Three recent news items provide more up-to-date reasons for childhood vaccines.
1. Delaying vaccines may increase seizures –here’s the link and an excerpt (from NY Times):
“Some parents postpone their children’s vaccinations because they believe the delay decreases the risk. But a new study finds the opposite may be true.
The analysis, published online in Pediatrics, involved 5,496 children born from 2004 to 2008 who had seizures in the first two years of life.
For children who received any of their shots as recommended before age 1, there was no difference in the incidence of seizure in the 10 days after vaccination compared with the period before vaccination. But compared with giving it in the first year, giving the measles-mumps-rubella vaccine at 16 months doubled the incidence of seizure, and giving the measles-mumps-rubella-varicella vaccine at that age increased it almost six times.”
2. Rate of measles infections at 20 year high –here’s the link and an excerpt: (from USA Today)
“The USA has the most measles cases in 20 years…The confirmed case count for 2014, as of May 23, was 288 and growing, the CDC says. That number includes 138 cases from Ohio, where the biggest outbreak is ongoing – and where the actual count is 166 as of Thursday, according to the state Health Department.
The nationwide total is the highest for late May since 1994, when 764 cases were reported, the CDC says. It surpasses the 220 cases reported in all of 2011, which was the most in the post-2000 era.
“This is not the kind of record we want to break, but should be a wake-up call for travelers and for parents to make sure vaccination records are up to date,” said Anne Schuchat, director of the CDC’s National Center for Immunizations and Respiratory Diseases. Schuchat…Before the measles vaccine became available in 1963, the virus infected about 500,000 Americans a year, causing 500 deaths and 48,000 hospitalizations.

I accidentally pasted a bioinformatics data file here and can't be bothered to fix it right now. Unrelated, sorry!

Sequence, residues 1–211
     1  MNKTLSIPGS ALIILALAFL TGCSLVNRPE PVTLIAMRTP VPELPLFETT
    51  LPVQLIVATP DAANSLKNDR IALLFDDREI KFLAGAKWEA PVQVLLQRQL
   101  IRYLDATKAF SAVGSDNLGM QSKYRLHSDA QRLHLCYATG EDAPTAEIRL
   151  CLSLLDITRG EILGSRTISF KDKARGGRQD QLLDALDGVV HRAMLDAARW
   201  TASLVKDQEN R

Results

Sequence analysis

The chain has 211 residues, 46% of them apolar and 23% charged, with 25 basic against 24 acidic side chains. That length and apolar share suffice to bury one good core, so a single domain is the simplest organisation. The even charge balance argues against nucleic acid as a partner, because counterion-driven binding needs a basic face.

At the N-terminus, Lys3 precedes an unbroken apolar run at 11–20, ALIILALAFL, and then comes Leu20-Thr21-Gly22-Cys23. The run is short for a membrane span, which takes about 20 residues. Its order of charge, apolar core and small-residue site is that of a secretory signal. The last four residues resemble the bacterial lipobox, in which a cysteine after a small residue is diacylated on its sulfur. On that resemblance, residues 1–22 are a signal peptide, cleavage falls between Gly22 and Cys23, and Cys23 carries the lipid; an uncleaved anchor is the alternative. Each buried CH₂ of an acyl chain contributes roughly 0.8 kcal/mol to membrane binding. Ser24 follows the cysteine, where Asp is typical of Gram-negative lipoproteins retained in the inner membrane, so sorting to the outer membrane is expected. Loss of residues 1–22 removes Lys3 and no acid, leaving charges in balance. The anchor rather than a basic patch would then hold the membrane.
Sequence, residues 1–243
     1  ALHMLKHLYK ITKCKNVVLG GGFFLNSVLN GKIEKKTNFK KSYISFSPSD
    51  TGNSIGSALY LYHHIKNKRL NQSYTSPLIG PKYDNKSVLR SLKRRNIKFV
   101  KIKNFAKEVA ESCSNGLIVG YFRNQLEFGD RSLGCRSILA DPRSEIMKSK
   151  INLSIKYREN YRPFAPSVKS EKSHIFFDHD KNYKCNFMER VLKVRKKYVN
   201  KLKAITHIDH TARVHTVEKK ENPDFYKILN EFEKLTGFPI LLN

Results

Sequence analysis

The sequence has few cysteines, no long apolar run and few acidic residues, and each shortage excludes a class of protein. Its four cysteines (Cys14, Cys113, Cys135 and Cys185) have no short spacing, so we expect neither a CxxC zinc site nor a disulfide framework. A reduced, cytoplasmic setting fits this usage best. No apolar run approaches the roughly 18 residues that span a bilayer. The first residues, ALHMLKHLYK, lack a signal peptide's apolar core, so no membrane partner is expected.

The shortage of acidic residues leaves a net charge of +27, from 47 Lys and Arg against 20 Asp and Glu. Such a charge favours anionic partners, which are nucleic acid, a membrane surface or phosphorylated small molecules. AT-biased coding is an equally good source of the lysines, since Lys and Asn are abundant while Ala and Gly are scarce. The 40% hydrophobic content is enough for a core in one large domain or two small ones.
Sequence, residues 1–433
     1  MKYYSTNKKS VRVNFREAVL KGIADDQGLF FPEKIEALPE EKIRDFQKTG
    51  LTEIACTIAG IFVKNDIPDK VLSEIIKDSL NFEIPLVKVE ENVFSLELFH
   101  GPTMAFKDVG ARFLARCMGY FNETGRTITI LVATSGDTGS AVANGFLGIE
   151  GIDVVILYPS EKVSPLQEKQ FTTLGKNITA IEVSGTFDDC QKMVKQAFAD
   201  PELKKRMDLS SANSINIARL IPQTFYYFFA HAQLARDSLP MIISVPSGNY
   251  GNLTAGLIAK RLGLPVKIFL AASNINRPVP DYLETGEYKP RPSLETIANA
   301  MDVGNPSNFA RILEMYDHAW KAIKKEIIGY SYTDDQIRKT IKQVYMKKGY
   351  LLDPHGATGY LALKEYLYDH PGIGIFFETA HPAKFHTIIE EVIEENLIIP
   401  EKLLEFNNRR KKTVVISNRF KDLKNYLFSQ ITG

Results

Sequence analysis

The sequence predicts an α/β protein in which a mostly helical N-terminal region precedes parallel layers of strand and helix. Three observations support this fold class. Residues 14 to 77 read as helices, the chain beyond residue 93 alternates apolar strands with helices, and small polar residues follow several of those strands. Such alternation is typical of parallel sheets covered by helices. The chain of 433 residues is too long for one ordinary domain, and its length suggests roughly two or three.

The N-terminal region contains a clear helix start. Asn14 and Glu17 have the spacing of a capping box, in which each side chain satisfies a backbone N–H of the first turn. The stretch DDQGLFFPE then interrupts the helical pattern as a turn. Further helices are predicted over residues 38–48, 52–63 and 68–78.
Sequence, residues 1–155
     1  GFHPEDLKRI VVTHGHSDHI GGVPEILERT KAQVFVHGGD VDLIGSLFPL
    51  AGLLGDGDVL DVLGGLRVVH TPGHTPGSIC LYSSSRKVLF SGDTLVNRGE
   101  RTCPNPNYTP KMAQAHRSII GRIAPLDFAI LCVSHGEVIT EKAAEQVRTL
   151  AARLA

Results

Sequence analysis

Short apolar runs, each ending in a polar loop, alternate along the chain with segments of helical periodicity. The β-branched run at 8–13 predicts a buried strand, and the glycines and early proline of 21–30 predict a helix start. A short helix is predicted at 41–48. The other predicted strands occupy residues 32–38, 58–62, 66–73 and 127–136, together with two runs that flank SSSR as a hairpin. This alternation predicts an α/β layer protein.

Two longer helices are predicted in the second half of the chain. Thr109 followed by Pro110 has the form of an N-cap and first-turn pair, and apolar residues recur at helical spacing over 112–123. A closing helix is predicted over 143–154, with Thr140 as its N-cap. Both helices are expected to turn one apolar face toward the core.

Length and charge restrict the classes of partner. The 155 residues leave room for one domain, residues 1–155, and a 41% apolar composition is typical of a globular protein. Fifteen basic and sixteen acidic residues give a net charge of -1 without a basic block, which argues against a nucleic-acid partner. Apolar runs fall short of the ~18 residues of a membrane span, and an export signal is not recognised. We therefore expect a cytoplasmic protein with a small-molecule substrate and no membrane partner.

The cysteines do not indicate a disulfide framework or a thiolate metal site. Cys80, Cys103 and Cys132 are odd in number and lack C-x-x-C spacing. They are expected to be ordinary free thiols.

Cases this year have been reported in 18 states and New York City. Ninety percent have been among people who have not been vaccinated or have unknown vaccination status, according to the CDC. Most of the patients report religious, philosophical or personal reasons for avoiding vaccines.”
3. When parents withhold vaccines, vulnerable children get sick and sometimes die –here’s the link (reference noted from Eric Benchimol’s twitter feed) and an excerpt:
“Jason Lawson recalled a terrifying 10 days in B.C. Children’s Hospital when his son Beckett was six, after Beckett became severely ill from chicken pox.
At the time, Beckett was still receiving a maintenance dose of chemotherapy to kill potential cancer cells. That treatment also suppressed Beckett’s immune system.
When an unvaccinated child at the school passed on chicken pox, the consequences were dire — at one point the virus got into Beckett’s liver and started to do damage, which in some cases can be irreversible….
Lawson said he’s speaking out to remind families that protecting their friends and neighbours is another good reason to make the effort.“
Take home message: With every medical intervention, there are risks and benefits. Those who forego vaccines increase the risk for themselves, their families and friends.
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